Physical sciences, Earth sciences

Arctic rivers dump carbon into the sea

Researchers have shown for the first time how Arctic rivers are transporting vast quantities of organic carbon into the oceans. This process occurs as the permafrost melts, which is due to climate change.

Despite the massive impact of climate change on the world's Arctic regions, there is a scarcity of data on exactly how the Arctic regions are changing. In particular, there is little understanding of how thawing permafrost is impacting the global carbon cycle.

The EU-funded 'Terrestrial organic matter characterization in Arctic River through molecular and isotopic analyses' (TOMCAR-PERMAFROST) project is studying the Great Whale River in Canada to understand the effects of thawing permafrost.

Researchers used geographic information systems and biochemical analysis to reveal how much carbon is transferred into the oceans by Arctic rivers. They are particularly interested in organic matter, as this has a huge effect on carbon cycles.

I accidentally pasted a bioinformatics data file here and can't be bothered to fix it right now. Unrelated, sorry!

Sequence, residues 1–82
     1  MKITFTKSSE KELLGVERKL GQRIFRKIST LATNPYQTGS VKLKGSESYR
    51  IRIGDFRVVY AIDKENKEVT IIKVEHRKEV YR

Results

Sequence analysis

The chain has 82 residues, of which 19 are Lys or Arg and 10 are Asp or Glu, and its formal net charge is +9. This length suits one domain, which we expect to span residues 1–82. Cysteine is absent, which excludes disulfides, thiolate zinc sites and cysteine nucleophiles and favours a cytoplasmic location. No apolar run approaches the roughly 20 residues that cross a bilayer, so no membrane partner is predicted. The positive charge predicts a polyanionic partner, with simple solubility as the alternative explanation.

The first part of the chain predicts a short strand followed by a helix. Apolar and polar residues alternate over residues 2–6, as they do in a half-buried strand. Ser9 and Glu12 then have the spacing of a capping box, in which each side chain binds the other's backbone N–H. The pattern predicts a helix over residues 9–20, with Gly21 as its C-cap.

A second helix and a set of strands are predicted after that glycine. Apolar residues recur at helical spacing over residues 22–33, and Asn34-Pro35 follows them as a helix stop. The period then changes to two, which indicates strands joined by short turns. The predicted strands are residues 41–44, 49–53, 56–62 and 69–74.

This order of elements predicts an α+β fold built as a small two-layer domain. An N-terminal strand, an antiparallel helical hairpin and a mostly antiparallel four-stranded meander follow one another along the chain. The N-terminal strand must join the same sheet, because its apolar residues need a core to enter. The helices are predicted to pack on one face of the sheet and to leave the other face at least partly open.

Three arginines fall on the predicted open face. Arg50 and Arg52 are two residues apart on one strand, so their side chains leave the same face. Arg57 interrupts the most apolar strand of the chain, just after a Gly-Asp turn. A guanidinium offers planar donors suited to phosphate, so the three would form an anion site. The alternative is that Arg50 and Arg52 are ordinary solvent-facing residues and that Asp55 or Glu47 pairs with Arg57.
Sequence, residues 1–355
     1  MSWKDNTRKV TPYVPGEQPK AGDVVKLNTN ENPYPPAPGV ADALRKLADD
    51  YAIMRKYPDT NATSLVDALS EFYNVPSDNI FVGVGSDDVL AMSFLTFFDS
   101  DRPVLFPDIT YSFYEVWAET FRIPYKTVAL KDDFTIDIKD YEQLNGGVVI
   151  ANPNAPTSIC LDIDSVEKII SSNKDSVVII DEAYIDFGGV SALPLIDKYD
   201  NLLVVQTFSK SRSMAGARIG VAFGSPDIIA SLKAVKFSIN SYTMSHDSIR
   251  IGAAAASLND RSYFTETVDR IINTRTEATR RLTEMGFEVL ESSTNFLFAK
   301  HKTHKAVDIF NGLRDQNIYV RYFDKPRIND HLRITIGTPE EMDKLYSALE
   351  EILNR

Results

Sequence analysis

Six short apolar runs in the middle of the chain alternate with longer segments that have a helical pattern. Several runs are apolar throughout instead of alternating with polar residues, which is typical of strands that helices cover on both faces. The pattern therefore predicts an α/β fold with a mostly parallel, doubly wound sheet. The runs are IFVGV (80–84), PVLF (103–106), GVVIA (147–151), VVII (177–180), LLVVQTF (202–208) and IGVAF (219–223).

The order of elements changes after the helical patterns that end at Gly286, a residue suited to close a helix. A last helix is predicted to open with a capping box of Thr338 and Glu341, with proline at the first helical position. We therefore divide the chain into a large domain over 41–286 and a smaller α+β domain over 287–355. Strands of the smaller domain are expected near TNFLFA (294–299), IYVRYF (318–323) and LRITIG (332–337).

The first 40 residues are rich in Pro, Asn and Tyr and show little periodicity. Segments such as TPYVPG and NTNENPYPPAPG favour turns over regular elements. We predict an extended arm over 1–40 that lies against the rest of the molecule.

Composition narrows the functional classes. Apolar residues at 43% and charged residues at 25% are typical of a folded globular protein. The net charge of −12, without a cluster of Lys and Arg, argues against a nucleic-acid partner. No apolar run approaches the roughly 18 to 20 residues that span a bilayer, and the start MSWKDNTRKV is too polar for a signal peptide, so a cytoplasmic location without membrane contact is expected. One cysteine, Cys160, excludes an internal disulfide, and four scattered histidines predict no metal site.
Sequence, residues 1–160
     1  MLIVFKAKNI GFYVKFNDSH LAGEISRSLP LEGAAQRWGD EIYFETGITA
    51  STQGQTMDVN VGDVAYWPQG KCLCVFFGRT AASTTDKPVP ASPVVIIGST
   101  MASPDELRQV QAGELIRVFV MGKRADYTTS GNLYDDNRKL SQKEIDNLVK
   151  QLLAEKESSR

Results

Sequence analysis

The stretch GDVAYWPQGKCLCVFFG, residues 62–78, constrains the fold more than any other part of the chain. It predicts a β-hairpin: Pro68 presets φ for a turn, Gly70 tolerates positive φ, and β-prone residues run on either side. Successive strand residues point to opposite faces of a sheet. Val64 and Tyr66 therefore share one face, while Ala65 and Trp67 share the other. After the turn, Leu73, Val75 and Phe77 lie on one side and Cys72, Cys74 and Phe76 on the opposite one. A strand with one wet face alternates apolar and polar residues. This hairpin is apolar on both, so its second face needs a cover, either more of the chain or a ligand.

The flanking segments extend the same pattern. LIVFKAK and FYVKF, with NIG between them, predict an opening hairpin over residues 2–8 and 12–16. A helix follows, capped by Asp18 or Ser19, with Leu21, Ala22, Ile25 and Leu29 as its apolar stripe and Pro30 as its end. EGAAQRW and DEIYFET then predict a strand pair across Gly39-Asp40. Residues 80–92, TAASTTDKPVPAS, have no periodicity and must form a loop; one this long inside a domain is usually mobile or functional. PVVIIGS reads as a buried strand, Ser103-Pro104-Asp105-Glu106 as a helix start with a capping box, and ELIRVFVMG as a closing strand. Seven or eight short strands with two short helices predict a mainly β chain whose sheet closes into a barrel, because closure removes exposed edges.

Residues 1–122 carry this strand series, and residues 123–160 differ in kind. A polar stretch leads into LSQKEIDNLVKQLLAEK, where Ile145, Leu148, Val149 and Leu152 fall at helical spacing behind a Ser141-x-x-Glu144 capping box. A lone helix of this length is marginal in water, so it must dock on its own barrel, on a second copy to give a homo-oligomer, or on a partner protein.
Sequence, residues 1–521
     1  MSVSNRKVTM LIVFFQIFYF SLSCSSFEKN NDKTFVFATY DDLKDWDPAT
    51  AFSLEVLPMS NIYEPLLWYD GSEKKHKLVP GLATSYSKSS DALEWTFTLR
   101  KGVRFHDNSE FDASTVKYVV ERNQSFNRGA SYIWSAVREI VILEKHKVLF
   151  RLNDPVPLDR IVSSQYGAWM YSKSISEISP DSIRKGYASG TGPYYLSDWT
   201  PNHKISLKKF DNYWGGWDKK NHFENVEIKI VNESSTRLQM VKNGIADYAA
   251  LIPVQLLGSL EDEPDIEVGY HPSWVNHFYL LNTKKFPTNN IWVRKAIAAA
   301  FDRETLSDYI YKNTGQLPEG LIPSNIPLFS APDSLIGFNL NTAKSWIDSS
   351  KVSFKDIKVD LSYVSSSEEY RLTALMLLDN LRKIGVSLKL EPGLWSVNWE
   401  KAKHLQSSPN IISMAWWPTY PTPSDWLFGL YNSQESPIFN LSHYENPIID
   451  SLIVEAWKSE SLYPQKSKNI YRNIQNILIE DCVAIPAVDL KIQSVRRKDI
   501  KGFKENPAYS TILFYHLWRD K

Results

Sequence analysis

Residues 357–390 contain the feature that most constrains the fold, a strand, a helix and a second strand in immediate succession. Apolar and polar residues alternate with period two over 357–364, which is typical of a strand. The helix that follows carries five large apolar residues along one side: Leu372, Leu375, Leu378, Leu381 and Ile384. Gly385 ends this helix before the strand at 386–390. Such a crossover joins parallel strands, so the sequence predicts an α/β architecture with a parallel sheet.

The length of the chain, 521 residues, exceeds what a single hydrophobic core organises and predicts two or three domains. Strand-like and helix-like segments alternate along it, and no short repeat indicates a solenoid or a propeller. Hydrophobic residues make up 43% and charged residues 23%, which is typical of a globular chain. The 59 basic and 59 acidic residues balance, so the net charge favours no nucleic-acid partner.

The project team found that the Great Whale River transported between 200 and 700 tonnes of dissolved organic carbon (DOC) per day during the spring flooding season. This is both old and new DOC, and the composition is influenced by whether there is fresh snow cover in the watershed area.

TOMCAR-PERMAFROST also noted that mercury concentration in the River increased dramatically during the flood period. During the project, scientists recorded the highest-ever concentration of mercury in an Arctic river.

The findings of this project are alarming, because such large influxes of DOC into the world's oceans will intensify the effects of global warming. However, the information is valuable to researchers trying to model the long-term effects of climate change.

last modification: 2015-02-13 14:41:04

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